A traffic stop in Odessa, TX on Saturday, August 31 turned into the second shooting in the state in the last month, when a man shot at the state trooper who pulled him over before speeding away. The 30-year-old suspect, a white male, then shot at numerous people in the cities of Odessa and Midland, located 20 miles apart, killing eight people (including the gunman) and injuring over 20 others, the Associated Press reports.
Among those injured were three law enforcement officers and a 17-month-old baby who was hit by shrapnel originally reported to be in satisfactory condition is now in stable condition according to a family friend. Police have not released the details of those killed or injured, but the local Ector County school district said one of the victims was a student.
Odessa police reported that the shooting began on Saturday afternoon around 3:26 p.m. CT when a state trooper pulled the gunman over. Before coming to a complete stop, the gunman pulled out a rifle and began firing at the officers through the rear window of the car, reports The Texas Tribune. According to the Washington Post, police pulled him over for not signaling while making a left turn. The suspect shot at the state trooper, fled the scene, and then proceeded to go on what police reports describe as a “shooting spree in the city of Odessa” before stealing a postal truck and finally being shot and killed by police. Original reports suggested that there were multiple shooters; however, it was later confirmed to be one man. Investigators are working to confirm the identity of the gunman. Police report that the gunman’s motive was not immediately clear.
During a press conference on Sunday, Odessa police chief Michael Gerke offered minimal detail on the gunman beyond what was initially reported. Gerke did confirm that the suspect had no active warrants for his arrest, but he did have a criminal record. How he was able to acquire the gun is "under investigation." They were still unclear as to his motivation; however, Gerke refused to name the shooter saying, "I am not naming the subject. I refuse to. I am not going to give him any notoriety."
“I want to remind all Texans that we will not allow the Lone State State to be overrun by hatred and violence. We will unite, as Texans always do, to respond to this tragedy,” said Texas state governor Greg Abbott in a statement.
Statement on shooting in Odessa, Texas: pic.twitter.com/3QV5LriVzi
— Gov. Greg Abbott (@GovAbbott) August 31, 2019
The shooting has reignited the gun control debate. It happened just one month after the tragic mass shooting in El Paso, TX that left 22 people dead and one day before Texas is set to implement policy making it easier to carry handguns into churches and schools.
“We’re not nearly past El Paso and then here it happens again,” said Republican state senator Kel Seliger before adding that these shootings force people to think not “Is this going to happen again? But when it’s going to happen again.”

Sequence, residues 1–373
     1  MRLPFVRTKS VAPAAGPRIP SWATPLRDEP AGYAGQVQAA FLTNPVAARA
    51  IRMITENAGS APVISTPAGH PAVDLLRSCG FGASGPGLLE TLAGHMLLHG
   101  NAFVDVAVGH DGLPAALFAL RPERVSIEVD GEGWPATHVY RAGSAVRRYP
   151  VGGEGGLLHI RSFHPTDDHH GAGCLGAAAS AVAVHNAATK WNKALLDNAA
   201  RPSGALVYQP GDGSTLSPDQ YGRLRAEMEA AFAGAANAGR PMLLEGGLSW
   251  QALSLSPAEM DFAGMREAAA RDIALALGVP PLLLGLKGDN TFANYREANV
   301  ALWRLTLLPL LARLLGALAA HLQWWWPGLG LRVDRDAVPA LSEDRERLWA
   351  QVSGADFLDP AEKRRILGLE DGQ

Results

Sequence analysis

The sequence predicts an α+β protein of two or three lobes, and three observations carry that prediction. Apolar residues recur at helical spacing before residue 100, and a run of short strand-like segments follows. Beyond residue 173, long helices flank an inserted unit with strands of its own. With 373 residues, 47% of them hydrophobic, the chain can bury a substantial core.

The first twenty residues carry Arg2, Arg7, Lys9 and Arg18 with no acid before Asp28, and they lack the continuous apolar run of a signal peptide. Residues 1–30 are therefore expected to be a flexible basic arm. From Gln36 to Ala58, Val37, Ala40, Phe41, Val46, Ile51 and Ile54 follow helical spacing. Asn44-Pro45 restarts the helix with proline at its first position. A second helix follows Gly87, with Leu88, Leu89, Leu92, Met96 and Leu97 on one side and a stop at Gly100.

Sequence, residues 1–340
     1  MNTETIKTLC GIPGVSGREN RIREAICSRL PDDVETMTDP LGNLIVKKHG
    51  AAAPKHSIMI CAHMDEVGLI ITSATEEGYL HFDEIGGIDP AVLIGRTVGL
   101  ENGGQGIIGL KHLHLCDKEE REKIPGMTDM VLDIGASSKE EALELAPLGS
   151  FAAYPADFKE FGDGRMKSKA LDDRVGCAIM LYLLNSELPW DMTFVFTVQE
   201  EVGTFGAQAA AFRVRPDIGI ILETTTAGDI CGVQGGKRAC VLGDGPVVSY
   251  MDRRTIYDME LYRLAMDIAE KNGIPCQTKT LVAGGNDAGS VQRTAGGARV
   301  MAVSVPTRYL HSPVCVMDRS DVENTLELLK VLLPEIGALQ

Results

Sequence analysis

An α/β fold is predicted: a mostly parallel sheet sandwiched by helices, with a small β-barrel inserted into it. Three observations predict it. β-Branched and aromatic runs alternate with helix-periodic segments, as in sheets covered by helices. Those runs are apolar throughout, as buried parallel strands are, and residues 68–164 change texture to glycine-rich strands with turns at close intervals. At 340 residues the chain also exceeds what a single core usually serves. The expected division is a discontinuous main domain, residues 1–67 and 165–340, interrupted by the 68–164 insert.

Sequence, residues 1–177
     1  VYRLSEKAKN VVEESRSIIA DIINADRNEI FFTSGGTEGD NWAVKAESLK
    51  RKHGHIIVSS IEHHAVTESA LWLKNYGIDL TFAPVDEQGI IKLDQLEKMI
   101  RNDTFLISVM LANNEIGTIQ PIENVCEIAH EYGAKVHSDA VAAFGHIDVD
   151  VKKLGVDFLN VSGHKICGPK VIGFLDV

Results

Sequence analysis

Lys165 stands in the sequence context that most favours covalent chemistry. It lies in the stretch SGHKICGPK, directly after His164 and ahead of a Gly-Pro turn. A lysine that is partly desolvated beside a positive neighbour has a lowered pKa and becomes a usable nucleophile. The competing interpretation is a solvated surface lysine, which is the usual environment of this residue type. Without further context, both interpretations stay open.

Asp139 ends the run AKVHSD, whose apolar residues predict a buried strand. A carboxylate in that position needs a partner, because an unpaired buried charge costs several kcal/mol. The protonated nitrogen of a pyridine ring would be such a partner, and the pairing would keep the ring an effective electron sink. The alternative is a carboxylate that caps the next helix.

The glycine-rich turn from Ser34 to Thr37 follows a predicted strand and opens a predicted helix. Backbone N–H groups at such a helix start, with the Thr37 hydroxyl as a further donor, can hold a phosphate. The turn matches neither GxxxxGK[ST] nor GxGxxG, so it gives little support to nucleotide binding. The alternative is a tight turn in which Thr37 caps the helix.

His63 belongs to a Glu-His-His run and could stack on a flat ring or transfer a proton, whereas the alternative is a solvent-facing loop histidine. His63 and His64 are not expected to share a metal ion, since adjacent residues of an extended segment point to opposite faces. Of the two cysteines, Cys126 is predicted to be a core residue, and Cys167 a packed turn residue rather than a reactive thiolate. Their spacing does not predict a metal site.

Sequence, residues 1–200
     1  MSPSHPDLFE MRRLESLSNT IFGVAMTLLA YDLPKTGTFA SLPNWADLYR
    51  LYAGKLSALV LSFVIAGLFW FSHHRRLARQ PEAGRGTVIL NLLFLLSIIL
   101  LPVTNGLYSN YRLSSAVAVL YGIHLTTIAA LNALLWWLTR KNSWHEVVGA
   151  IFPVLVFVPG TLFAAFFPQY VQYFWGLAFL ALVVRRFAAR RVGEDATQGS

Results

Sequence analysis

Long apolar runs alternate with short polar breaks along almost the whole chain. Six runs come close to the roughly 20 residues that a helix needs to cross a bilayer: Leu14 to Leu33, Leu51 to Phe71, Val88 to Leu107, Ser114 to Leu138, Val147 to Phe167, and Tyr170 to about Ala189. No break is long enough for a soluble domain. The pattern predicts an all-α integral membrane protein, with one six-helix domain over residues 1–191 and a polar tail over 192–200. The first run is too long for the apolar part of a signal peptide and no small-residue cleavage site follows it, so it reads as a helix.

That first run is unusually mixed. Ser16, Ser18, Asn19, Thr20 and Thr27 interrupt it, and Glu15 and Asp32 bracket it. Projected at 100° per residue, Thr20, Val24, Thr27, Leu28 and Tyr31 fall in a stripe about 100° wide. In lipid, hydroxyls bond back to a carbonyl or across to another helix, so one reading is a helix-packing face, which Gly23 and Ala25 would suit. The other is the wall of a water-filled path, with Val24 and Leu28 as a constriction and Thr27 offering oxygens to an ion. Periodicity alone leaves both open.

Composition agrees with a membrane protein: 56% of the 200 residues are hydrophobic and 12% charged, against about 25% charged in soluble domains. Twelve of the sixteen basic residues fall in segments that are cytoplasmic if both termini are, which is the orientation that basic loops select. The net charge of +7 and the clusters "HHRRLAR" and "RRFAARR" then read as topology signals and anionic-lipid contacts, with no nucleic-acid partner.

Texas Senator Ted Cruz tweeted his support on behalf of himself and his wife.
Heidi and I are heartbroken by this heinous attack, and we are lifting up in prayer all the victims, their families, and the entire Midland-Odessa community.
— Senator Ted Cruz (@SenTedCruz) September 1, 2019
Fellow Texas Senator John Cornyn tweeted thanking first responders and law enforcement for their tireless efforts.
Tonight we are one with the entire Midland-Odessa community, especially the victims of this horrific tragedy. I want to thank law enforcement and first responders for their courage in an impossible situation.
— Senator John Cornyn (@JohnCornyn) September 1, 2019
President Donald Trump has yet to release an official statement following the shooting. He did tweet that he had been briefed on the incident and that law enforcement is being utilized. Later, he tweeted support of law enforcement, the first responders and Governor Abbott. "A very tough and sad situation!" he wrote.
Great job by Texas Law Enforcement and First Responders in handling the terrible shooting tragedy yesterday. Thank you also to the FBI, @GregAbbott_TX and all others. A very tough and sad situation!
— Donald J. Trump (@realDonaldTrump) September 1, 2019
Vice President Mike Pence said that Trump and his administration “remain absolutely determined” to work with Congress “so we can address and confront the scourge of mass atrocities in our country.”
— Vice President Mike Pence (@VP) September 1, 2019
John Feinblatt, president of Everytown for Gun Safety made a statement saying, “While we don’t know all the facts, we do know one thing for sure: This isn’t normal. Laws will not prevent all mass shootings, but they are a critical piece of reducing the scourge of gun violence gripping our country. The House has done its part to reduce gun violence – now the Senate must act.”
This is a breaking news story. It has been updated throughout.
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